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Rethinking College Readiness

Rosalinda Ortiz

Ball State University


Table of Contents

Rethinking College Readiness ............................................................................................ 3

Academic Under preparedness ........................................................................................... 3

Underprepared Student Populations ................................................................................... 3

First generation college students. .................................................................................... 3

Latina/o students. ............................................................................................................ 4

Economically Disadvantaged.......................................................................................... 5

Academically Underprepared. ........................................................................................ 6

College Readiness Defined ................................................................................................. 6

State and National Assessments. ..................................................................................... 7

Promoting College and Career Readiness in High School ................................................. 8

College Preparatory Course ................................................................................................ 9

References ......................................................................................................................... 13

Rethinking College Readiness

Academic Under preparedness

Students are entering their first year of college unprepared for entry-level courses.

Underprepared students are a widespread concern among both secondary and postsecondary

educators (Balduf, 2009; Brinkworth et al., 2009). The higher education sector has revealed

concern about the quality of academic preparation in writing, math, and academic studies skills

upon entering college for the first time (Beil & Knight, 2007; Conley, 2009; VanDeWahe, 2006).

Recently, attention has been given to students that enter college lacking academic skills needed

for academic learning (Conley, 2008; Kelly, Kendrick, Newgent, & Lucas, 2007). Students must

attain the ability to think critically, make academic decisions, and manage coursework to be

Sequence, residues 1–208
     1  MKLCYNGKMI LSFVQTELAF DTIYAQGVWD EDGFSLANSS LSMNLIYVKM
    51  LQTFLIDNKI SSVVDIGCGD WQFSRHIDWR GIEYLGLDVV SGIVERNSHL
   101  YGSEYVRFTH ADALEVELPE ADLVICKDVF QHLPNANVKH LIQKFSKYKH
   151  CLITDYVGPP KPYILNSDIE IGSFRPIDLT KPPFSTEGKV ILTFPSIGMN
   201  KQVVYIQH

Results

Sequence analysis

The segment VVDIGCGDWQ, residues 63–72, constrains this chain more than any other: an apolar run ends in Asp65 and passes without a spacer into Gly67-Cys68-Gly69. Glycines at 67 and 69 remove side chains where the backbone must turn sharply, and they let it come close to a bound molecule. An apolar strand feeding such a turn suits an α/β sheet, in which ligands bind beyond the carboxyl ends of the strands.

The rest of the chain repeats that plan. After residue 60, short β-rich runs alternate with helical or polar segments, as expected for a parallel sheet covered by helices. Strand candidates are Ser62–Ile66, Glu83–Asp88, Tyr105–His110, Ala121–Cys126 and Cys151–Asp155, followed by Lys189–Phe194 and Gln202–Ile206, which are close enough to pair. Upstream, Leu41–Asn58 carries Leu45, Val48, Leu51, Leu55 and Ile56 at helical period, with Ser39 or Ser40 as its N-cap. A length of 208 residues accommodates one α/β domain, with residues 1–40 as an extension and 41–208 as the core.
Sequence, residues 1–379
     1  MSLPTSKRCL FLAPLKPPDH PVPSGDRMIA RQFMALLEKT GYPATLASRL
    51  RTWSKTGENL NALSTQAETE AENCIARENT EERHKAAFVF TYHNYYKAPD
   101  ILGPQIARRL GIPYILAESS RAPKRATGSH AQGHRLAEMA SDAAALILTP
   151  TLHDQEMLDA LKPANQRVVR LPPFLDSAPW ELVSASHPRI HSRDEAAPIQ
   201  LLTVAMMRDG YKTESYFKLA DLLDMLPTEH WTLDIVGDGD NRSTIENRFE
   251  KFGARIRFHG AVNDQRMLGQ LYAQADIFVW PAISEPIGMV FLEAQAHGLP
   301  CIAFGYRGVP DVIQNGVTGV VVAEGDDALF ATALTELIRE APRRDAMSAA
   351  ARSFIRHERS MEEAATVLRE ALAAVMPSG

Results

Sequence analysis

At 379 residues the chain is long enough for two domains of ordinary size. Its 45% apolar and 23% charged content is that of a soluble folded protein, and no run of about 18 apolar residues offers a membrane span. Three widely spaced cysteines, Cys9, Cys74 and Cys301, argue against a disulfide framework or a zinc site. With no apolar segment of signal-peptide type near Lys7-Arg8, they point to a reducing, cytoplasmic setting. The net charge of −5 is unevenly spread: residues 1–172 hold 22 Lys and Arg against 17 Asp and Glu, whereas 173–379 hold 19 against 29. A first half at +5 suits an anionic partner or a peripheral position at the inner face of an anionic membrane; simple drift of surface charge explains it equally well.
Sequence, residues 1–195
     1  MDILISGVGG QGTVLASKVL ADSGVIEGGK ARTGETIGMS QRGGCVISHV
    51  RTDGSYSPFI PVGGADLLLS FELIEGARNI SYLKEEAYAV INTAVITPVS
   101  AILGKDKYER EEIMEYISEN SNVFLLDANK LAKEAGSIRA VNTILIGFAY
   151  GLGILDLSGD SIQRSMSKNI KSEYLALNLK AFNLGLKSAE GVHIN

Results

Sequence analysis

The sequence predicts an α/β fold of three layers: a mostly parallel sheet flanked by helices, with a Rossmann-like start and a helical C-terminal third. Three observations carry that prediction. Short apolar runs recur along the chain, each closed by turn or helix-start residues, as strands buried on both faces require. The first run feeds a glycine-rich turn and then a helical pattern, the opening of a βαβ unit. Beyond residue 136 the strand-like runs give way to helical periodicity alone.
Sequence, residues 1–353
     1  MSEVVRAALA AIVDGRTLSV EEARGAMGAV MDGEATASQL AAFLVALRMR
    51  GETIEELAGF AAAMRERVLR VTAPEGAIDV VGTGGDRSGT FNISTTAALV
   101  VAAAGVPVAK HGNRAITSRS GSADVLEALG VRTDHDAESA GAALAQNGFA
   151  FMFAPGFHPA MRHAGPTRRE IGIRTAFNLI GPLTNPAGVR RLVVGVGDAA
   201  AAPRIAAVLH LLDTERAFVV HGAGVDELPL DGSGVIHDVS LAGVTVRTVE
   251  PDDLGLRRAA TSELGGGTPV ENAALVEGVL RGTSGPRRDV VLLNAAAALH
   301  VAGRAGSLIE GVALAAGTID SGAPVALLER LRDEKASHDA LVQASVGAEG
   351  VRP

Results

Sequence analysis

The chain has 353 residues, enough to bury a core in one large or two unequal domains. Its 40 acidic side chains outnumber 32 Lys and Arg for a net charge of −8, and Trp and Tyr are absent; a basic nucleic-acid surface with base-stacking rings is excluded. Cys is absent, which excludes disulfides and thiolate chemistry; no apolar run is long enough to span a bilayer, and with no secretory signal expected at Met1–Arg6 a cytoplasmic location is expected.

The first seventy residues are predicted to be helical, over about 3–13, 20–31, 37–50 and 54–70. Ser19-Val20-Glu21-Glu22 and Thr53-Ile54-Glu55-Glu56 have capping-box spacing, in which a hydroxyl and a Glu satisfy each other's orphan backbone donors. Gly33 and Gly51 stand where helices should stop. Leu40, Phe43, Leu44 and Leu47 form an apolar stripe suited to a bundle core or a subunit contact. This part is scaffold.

successful in the college academic arena.

Underprepared Student Populations

Through prior research, several identifiable groups have emerged as at-risk for not

entering college and persisting toward completing a college degree. These groups include: first

generation college students, Latina/o students, economically disadvantaged students, and

academically unprepared students. When a student or group of students displays more than one

of these risk factors, the path toward degree completion is formidable. Students that are at-risk

upon college entrance are more likely to need remediation (Howell, 2011; Wiley, Wyatt, &

Camara, 2010). Understanding the characteristics of at-risk groups can broaden the

understanding of the transition to college, reduce the need for remediation, and ensure success

for all students (Holland & Farmer-Hinton, 2009; Reynolds, 2012).

First generation college students. Students that are growing up in homes that lack a college-

educated parent are at a greater risk to be unsuccessful in the transition to college. A college-

educated parent is more likely to understand the need to meet deadlines for admission,

emphasize financial planning, and understand components of the overall college experience

(Alon, Domina & Tienda, 2010). Parents are vital stakeholders for influencing the child’s

decision making and providing access to educational information (Nuñez & Kim, 2011).

Throughout the parenting experience, educated parents are more likely to emphasize the

importance of education for their child’s future success as an adult. Parental involvement in the

student’s educational process is positively linked to achievement levels (LaRocque, Kleiman, &

Darling, 2011). First-generation college students are more likely to be African American or

Hispanic in origin (Fischer, 2007; Pino, Martinez-Ramos, & Smith, 2012).

Latina/o students. Latinos are the fastest growing ethnic group in the United States (Nuñez &

Kim, 2011). However, Latinos are less likely to persist toward degree attainment (Boden, 2011;

Oliva & Nora, 2004; United States Department of Education, 2006). According to the 2010

Census, “Hispanics were less likely to have a bachelor’s degree or higher (13 percent) compared

with the non-Hispanic population (30 percent)” (Ogunwole, Drewery & Rios-Vargas, 2012, p. 2).

The rising Latina/o population in the United States creates a continued need to focus on

improving Latina/o achievement to college degree completion (Boden, 2011; Radcliffe & Bos,